We all saw the empty shelves and sparse freezers. As the pandemic reached cities and towns across the U.S. last spring, many shoppers were left wondering where their food was and when it would reappear in grocery stores.
The most recent Gallup Poll shows, for the first time in 20 years, farming and agriculture rocketed to the top of the public’s interest. Meagerly stocked grocery store shelves got people thinking about where their food really comes from.
The soy checkoff has remained committed to providing a safe, high-quality product by continuing work to support U.S. soybean farmers and the soy supply chain. In addition, the checkoff’s farmer-leaders and staff continue to stay engaged with peer organizations across the various commodities and soybean value chain to mitigate potential uncertainties while sharing important messages about the ongoing resiliency of hardworking farmers who serve as its foundation.
A year ago, while many people were concerned about emptying grocery store shelves, Lewis Rone, a Missouri farmer and soy checkoff farmer-leader, says he wondered where he would take his soybeans nearly seven months later, after harvest.
“In our area, all of our soybeans go to exports. If our supply chain, being the barges and elevators, shut down, we wouldn’t be able to harvest because we’d have no place to take it,” he says. “The question wasn’t is someone going to buy our beans — the question was if they’d have employees healthy enough to take them.”
When contracting his crop, Rone says he made it a point to discuss this and ask about delivery options. And as he gears up for the 2021 season, he’s insulating his operation against future uncertainty by building more on-farm storage.
Keith Harris, associate professor in the department of agricultural economics at Kansas State University, echoed some of Rone’s thoughts and voiced his confidence in the U.S. soybean supply chain. Harris specializes in analyzing the agri-food supply chains within complex networks of differing chain partners and relationships.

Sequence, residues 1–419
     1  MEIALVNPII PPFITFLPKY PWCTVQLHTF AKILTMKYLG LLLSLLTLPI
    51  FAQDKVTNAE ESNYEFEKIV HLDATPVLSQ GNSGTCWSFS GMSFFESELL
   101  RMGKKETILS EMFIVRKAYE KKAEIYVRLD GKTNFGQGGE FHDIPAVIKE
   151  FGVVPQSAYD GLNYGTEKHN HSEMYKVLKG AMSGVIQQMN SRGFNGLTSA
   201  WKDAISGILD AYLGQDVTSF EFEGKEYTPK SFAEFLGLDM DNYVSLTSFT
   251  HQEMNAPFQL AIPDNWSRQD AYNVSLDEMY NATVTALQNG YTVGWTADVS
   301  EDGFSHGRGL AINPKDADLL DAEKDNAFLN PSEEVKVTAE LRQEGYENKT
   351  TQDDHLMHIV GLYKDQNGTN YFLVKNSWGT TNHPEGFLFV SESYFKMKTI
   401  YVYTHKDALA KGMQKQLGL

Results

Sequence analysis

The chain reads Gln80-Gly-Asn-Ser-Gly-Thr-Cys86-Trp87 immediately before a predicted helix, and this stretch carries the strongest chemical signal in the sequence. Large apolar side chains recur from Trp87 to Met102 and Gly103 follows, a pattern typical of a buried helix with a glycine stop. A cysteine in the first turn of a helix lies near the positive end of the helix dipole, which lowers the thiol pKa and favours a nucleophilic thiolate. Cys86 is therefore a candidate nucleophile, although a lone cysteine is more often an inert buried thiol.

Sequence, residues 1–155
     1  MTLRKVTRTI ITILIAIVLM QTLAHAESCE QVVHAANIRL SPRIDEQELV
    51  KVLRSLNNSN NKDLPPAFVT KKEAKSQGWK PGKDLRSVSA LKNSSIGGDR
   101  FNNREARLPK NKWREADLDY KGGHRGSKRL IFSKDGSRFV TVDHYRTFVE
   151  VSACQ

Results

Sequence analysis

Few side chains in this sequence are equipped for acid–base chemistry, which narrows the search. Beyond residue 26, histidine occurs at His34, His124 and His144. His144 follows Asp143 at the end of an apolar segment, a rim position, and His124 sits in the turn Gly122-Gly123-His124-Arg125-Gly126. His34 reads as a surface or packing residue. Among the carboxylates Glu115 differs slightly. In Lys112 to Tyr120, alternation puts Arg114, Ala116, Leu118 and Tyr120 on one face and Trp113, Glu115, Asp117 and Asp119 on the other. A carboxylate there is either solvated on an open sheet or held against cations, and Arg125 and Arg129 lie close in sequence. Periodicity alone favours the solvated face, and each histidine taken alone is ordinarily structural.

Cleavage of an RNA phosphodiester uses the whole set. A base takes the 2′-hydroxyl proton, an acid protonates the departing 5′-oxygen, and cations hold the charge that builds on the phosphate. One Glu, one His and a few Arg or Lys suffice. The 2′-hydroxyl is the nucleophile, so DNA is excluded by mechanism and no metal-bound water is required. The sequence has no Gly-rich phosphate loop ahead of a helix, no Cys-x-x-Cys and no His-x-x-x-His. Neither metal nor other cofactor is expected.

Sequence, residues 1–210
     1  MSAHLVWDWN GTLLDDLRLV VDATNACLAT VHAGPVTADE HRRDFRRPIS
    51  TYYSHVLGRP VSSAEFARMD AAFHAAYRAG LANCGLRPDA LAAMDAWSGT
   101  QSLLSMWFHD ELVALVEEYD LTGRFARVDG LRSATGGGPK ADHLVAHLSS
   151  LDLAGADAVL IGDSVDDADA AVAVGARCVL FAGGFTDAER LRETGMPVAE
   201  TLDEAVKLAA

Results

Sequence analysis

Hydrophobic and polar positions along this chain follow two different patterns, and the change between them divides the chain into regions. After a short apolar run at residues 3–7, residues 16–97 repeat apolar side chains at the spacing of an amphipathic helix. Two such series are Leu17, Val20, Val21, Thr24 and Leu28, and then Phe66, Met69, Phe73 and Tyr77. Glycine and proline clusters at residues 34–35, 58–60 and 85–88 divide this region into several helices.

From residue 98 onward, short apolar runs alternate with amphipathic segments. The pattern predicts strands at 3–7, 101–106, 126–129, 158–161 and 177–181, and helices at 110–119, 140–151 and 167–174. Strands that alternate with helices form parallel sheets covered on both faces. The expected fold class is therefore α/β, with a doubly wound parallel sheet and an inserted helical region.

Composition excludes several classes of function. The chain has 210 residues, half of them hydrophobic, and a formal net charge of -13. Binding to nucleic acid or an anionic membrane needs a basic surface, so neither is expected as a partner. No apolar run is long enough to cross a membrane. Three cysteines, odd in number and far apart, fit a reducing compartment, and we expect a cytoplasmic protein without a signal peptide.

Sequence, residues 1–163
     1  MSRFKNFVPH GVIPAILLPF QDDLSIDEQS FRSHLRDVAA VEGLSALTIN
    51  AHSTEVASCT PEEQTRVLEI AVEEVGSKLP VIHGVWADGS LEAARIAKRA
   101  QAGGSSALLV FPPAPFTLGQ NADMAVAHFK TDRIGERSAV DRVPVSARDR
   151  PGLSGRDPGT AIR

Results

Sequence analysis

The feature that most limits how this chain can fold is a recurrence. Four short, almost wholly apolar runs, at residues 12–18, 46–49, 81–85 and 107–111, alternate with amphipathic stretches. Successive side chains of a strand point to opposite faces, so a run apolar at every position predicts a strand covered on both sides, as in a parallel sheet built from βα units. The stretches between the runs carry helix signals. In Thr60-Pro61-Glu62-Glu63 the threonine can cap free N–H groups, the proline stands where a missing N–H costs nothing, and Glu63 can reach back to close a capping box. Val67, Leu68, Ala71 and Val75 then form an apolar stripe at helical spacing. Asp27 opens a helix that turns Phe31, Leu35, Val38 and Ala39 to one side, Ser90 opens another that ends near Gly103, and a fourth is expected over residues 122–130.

“When I look at the soybean food supply chain, I don’t see much of a disruption. Storage of row crops takes less human contact, as does the processing stage. A lot of those areas, where soybeans could have been affected by human contact, aren’t because there isn’t a substantial amount of labor,” Harris says. “The processing and storage plants are running mostly by machinery and equipment.”
Planting with Uncertainty
As seedlings made their appearance last spring and USDA forecasted a plentiful crop, Rone felt a sense of uncertainty about finding the inputs he needed, such as machinery parts and chemicals. But Rone was certain of one thing: he needed to keep his employees safe and his farm operating.
Some of Rone’s employees are retired farmers themselves, falling into the at-risk age category, which prompted Rone to take extra precautions.
“We immediately added cleaning supplies in our tractors, trucks and common areas,” says Rone. “When you go to the field, it’s easier. Everyone is social distancing anyway because you’re in separate tractors.”
The employees were also split into teams to prevent multiple points of contact and stayed with certain pieces of equipment. If they had to switch, the equipment was thoroughly cleaned first.
“You did all the things that you could do to keep everyone going, to keep everyone healthy,” he says. It’s this caring, pragmatic approach that keeps farmers among the most trusted links in the agricultural value chain when it comes to food safety, taking the top spot in 78% of consumer responses in a recent checkoff study.
Crops and Markets